Jamaica Independence Festival

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The Jamaica Independence Festival is a celebration of Jamaica's independence, a status gained in 1962.

History[edit]

The festival was initiated in 1962 by then Minister of Community Development (and later Prime Minister) Edward Seaga, to showcase literary, fine, and performing artists, [1] and to celebrate "things Jamaican".[2] The festival was considered integral to national development as a way of giving Jamaicans a sense of who they are, and what their history and culture is all about.[2] The festival was scheduled for the first Monday in August, to coincide with the holiday to celebrate both independence and emancipation.[1] The festival includes agricultural exhibitions, and street parades, climaxing in a grand gala at Kingston's National Stadium. Supporting events take place all over the island. A formal organizing group, the Jamaica Festival Commission was established by an act of parliament in 1968, which became the Jamaica Cultural Development Commission (JCDC) by another parliamentary act in 1980.[2] Today, the administrative structure includes a large volunteer-base with a JCDC officer appointed to oversee activities in each parish. The festival now includes the Miss Jamaica Festival Queen Contest, a national Mento band competition, and a Gospel song competition.[2]

One of the highlights of the festival is the Popular Song Competition (before 1990 known as the Independence Festival Song Competition), which first took place in 1966, and has been won by artists such as The Maytals, Desmond Dekker, Freddie McKay, and Eric Donaldson.[1]

Popular Song Competition[edit]

The Popular Song Competition has taken place since 1966, with the winners as follows:

  • 1966 - The Maytals with "Bam Bam"
  • 1967 - The Jamaicans with "Ba Ba Boom"
  • 1968 - Desmond Dekker & The Aces with "Music Like Dirt (Intensified '68)"
  • 1969 - The Maytals with "Sweet and Dandy"
  • 1970 - Hopeton Lewis with "Boom Shacka Lacka"
  • 1971 - Eric Donaldson with "Cherry Oh Baby"
  • 1972 - Toots & the Maytals with "Pomps and Pride"
  • 1973 - Morvin Brooks with "Jump In The Line"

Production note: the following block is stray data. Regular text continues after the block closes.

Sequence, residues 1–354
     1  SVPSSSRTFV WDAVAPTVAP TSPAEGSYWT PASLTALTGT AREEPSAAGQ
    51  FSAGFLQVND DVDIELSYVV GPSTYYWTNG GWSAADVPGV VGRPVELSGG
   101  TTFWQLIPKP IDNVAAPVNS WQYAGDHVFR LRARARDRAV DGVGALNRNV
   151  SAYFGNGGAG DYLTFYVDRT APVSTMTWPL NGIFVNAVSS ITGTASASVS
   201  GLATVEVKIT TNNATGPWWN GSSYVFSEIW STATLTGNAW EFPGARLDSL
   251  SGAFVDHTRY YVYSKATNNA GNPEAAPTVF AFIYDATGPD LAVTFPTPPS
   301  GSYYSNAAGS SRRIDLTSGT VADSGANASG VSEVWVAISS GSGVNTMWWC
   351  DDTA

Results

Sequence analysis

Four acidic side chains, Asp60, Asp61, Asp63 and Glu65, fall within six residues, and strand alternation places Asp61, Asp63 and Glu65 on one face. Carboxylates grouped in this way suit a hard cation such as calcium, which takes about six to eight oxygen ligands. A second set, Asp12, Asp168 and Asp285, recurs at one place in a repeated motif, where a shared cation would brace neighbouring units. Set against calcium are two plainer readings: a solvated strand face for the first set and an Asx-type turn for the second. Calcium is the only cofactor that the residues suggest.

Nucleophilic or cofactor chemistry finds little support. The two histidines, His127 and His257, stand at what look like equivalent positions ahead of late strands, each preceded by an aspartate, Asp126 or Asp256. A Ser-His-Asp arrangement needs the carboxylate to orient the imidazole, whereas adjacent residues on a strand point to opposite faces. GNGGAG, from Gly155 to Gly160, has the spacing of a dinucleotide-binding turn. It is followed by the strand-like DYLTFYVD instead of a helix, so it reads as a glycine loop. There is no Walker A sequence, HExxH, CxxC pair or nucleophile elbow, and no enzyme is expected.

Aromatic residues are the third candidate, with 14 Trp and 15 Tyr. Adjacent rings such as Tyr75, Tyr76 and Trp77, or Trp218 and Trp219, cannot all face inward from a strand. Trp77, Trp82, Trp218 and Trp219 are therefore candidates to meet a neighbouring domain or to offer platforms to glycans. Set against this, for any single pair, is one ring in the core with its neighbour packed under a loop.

• 1974 - Tinga Stewart with "Play de Music"
  • 1975 - Roman Stewart with "Hooray Festival"
  • 1976 - Freddie McKay with "Dance This Ya Festival"
  • 1977 - Eric Donaldson with "Sweet Jamaica"
  • 1978 - Eric Donaldson with "Land of my Birth"
  • 1979 - The Astronauts with "Born Jamaican"
  • 1980 - Stanley & The Turbines with "Come Sing With Me"
  • 1981 - Tinga Stewart with "Nuh Wey Nuh Betta Dan Yard"
  • 1982 - The Astronauts with "Mek Wi Jam"
  • 1983 - Ras Karbi with "Jamaica I'll Never Leave You"
  • 1984 - Eric Donaldson with "Proud to be Jamaican"
  • 1985 - Roy Rayon with "Love Fever"
  • 1986 - Stanley & The Turbines with "Dem a fe Squirm"
  • 1987 - Roy Rayon with "Give Thanks and Praise"
  • 1988 - Singer Jay with "Jamaica Land We Love"
  • 1989 - Michael Forbes with "Stop and Go"
  • 1990 - Robbie Forbes with "Island Festival"
  • 1991 - Roy Rayon with "Come Rock"
  • 1992 - Heather Grant with "Mek wi Put Things Right"
  • 1993 - Eric Donaldson with "Big It Up"
  • 1994 - Stanley & The Astronauts with "Dem a Pollute"
  • 1995 - Eric Donaldson with "Join de Line"
  • 1996 - Zac Henrry & Donald White with "Meck We Go Spree"
  • 1997 - Eric Donaldson with "Peace and Love"
  • 1998 - Neville Martin with "Jamaica Whoa"
  • 1999 - Cheryl Clarke with "Born Inna JA"
  • 2000 - Stanley Beckford with "Fi Wi Island A Boom"
  • 2001 - Roy Richards with "Lift Up Jamaica"
  • 2002 - Devon Black with "Progress"
  • 2003 - Stefan Penincilin with "Jamaican Tour Guide"
  • 2004 - Stefan Penincilin with "Ole Time Jamaica"
  • 2005 - Khalil N Pure with "Poverty"
  • 2006 - Omar Reid with "Remember the Days"
  • 2007 - Neville 'Gunty' Winters with "Woman A Di Beauty"
  • 2008 - Roy Rayon with "Rise and Shine"
  • 2009 - Winston Hussey with "Take Back Jamaica"
  • 2010 - Kharuso with "My Jamaica"
  • 2011 - Everton David Pessoa with "Oh if We"
  • 2012 - Abbygaye Dallas with "Real Born Jamaican"

[3][4]

In 2004, in a move to widen the genre of entries submitted, the JCDC announced a $1 million grand prize to be shared among songwriter, singer and producer of the winning entry.[5] By 2010 the prize had risen to a million dollars and a car.[3]

In 2008, the JCDC announced that the Jamaican Festival Song Competition title would return, running in parallel with the Popular Song Competition, hoping that the previous title would re-create feelings of celebration among Jamaicans at Independence time.[6]

References[edit]

  1. ^ a b c Thompson, Dave (2002). Reggae & Caribbean Music. Backbeat Books. ISBN 0-87930-655-6. 
  2. ^ a b c d Rebecca Tortello (July 2002). "The History of Jamaica Festival". The Gleaner. Retrieved 10 February 2008. 
  3. ^ a b "Kharuso is Mr Festival; collects historic $1m cheque from Claro", Jamaica Observer, 1 August 2010, retrieved 2011-07-16
  4. ^ Walters, Basil (2012) "Sounds of silence: Radio stations say JCDC slow off the mark", Jamaica Observer, 15 July 2012, retrieved 2012-07-15
  5. ^ "JCDC Announces Grand Prize of $1 Million for Song Competition". Jamaica Information Service. March 2004. Retrieved 10 February 2008. 
  6. ^ "Festival competition back for 2008". Jamaica Observer. February 2008. Archived from the original on 15 February 2008. Retrieved 10 February 2008.